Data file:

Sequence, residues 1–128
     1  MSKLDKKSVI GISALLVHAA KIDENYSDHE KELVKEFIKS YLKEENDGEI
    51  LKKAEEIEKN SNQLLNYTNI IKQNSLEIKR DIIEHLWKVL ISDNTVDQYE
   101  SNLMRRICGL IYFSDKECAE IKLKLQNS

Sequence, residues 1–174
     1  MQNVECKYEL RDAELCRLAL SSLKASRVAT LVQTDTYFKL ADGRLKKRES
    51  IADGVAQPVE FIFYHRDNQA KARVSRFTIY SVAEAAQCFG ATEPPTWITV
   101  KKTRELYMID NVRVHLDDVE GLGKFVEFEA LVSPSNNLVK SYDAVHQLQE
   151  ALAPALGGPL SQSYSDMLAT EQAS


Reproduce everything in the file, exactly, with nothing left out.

Sequence, residues 1–128
     1  MSKLDKKSVI GISALLVHAA KIDENYSDHE KELVKEFIKS YLKEENDGEI
    51  LKKAEEIEKN SNQLLNYTNI IKQNSLEIKR DIIEHLWKVL ISDNTVDQYE
   101  SNLMRRICGL IYFSDKECAE IKLKLQNS

Sequence, residues 1–174
     1  MQNVECKYEL RDAELCRLAL SSLKASRVAT LVQTDTYFKL ADGRLKKRES
    51  IADGVAQPVE FIFYHRDNQA KARVSRFTIY SVAEAAQCFG ATEPPTWITV
   101  KKTRELYMID NVRVHLDDVE GLGKFVEFEA LVSPSNNLVK SYDAVHQLQE
   151  ALAPALGGPL SQSYSDMLAT EQAS